Women’s exposure to pesticides during pregnancy could impact the sleep patterns of their female children
According to a new University of Michigan study published in Environmental Research, a woman’s exposure to pesticides during pregnancy could lead to differences in sleep duration and timing for her female offspring during adolescence.
While chemical products used to repel insects in the home are the most common source of non-occupational pesticide exposure, exposure can also come from other sources, such as diet.
Our findings suggest that pesticide exposure in early life, before the child is even born, may have long-term consequences for adolescent sleep health. ” Astrid Zamora, a doctoral student at the University of Michigan’s School of Public Health, is the study’s lead author.
Other studies have looked at the impact of other chemicals on sleep, such as lead, but little is known about pesticides’ impact on offspring’s sleep, she said. Pesticides have been shown in the past to act as endocrine disruptors, blocking hormones like melatonin.
Because melatonin is important for sleep, “Zamora explained, “we wanted to see if exposure during pregnancy could be linked to sleep.”
The researchers used data from the Early Life Exposures in Mexico to Environmental Toxicants cohort, which has followed women in Mexico City for two decades, to learn how environmental exposures affect pregnant women and children.
They looked for two pesticides in urine samples taken from 137 women during the third trimester of pregnancy. Then, they did a sleep study on the children of the women during their adolescence.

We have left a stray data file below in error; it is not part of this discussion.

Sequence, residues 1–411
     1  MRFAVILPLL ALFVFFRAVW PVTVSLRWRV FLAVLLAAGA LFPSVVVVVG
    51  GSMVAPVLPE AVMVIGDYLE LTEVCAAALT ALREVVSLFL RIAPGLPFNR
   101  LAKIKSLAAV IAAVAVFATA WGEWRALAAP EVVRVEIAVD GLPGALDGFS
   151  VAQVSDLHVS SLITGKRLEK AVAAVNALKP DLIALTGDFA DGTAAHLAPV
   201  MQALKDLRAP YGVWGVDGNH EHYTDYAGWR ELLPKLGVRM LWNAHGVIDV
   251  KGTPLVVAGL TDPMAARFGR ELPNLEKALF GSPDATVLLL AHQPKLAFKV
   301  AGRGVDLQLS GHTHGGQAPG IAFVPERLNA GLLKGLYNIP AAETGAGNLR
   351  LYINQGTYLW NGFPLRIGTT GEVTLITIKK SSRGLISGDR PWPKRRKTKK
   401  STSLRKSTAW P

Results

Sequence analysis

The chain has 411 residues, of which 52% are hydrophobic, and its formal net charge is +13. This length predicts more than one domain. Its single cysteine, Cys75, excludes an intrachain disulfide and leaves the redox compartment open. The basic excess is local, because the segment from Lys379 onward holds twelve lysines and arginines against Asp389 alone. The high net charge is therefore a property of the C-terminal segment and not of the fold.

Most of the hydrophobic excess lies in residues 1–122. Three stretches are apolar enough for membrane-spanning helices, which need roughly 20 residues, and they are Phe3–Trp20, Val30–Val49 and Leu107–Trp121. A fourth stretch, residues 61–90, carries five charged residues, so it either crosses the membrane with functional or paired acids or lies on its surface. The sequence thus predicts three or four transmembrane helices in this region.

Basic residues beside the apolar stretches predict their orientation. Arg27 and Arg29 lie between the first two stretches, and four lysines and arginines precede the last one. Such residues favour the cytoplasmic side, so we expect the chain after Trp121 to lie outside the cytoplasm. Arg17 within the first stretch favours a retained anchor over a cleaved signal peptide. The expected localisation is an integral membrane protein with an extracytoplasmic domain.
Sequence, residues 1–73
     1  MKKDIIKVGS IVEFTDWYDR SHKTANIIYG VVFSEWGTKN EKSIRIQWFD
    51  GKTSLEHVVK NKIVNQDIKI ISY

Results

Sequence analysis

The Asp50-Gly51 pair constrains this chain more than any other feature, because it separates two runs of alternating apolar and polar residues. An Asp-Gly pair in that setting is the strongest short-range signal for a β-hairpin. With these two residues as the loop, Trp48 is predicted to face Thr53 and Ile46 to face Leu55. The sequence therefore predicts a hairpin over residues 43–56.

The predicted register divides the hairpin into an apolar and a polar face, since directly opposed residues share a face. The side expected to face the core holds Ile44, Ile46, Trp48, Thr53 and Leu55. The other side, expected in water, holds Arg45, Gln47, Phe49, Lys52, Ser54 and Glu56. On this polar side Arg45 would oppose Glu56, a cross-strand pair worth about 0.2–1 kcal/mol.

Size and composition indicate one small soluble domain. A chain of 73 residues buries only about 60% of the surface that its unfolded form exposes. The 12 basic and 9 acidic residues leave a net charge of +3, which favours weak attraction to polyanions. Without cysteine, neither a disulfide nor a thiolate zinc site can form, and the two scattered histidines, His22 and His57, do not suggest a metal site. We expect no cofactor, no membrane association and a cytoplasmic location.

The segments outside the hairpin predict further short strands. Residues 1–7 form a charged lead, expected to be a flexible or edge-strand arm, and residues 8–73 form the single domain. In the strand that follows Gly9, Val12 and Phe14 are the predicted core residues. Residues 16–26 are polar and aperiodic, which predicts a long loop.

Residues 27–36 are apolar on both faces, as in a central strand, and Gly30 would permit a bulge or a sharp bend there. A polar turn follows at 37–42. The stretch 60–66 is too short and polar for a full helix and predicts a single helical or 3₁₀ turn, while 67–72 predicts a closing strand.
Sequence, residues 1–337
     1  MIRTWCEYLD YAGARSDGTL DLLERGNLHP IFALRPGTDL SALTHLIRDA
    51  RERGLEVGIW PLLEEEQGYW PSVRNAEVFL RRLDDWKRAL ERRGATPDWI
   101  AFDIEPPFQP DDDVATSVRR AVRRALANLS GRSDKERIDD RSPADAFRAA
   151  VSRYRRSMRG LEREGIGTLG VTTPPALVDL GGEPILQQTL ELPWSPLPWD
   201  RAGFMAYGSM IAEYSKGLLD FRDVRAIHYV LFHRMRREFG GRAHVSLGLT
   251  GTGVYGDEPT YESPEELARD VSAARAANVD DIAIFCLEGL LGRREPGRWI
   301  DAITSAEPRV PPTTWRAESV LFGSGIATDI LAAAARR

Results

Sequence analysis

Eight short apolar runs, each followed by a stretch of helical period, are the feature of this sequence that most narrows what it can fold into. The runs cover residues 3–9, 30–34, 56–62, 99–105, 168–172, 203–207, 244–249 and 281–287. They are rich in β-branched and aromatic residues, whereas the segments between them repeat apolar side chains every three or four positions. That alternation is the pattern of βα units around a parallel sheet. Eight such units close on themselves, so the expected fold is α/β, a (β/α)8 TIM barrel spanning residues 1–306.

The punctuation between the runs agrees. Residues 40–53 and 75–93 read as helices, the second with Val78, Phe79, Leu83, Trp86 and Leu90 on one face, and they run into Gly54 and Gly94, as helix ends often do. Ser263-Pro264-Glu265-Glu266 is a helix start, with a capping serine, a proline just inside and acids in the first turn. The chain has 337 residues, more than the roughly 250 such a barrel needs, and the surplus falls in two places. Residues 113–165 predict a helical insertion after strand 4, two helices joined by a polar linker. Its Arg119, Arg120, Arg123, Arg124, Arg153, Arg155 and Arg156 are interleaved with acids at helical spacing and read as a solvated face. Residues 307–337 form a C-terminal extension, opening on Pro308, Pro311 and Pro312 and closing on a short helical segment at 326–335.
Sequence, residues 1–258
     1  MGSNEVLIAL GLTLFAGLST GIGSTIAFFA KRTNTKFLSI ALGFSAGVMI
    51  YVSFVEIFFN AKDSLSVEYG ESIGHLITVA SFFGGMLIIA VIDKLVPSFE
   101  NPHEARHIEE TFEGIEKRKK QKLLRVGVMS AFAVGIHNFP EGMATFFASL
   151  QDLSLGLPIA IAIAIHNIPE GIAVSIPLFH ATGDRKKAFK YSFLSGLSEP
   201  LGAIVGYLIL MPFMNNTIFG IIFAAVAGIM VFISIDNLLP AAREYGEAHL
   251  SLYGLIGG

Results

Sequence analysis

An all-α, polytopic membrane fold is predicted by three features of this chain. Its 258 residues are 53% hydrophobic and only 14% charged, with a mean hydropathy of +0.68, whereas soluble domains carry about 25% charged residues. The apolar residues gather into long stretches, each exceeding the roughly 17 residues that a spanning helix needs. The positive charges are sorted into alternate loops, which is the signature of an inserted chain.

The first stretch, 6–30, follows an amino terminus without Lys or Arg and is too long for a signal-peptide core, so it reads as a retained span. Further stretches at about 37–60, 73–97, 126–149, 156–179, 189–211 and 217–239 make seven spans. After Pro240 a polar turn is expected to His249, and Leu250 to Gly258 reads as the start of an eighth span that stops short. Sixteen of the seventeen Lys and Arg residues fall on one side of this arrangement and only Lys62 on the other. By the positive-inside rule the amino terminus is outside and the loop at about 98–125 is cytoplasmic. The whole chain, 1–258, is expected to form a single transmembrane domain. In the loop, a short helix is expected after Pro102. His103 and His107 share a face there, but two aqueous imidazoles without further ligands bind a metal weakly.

Chlorpyrifos, but not pyrethroids, was linked to longer sleep duration and a later midpoint of sleep in adolescent offspring who were born to mothers who had been exposed in the womb to chlorpyrifos, but only in girls.
Although we typically consider longer sleep duration to be desirable, it is critical to determine the reasons for the longer sleep in follow-up studies.
Because the actigraph devices used to measure sleep can’t tell the difference between sleep and just lying still, it’s possible that girls who sleep for longer periods of time have trouble falling or staying asleep.
These findings are important to public health because pyrethroids and chlorpyrifos are still widely used in Mexico’s agriculture and may also be used in homes, Zamora said.
She says larger samples and studies evaluating unregulated pesticides are needed to better understand this association, as well as the underlying mechanisms that explain the sex differences.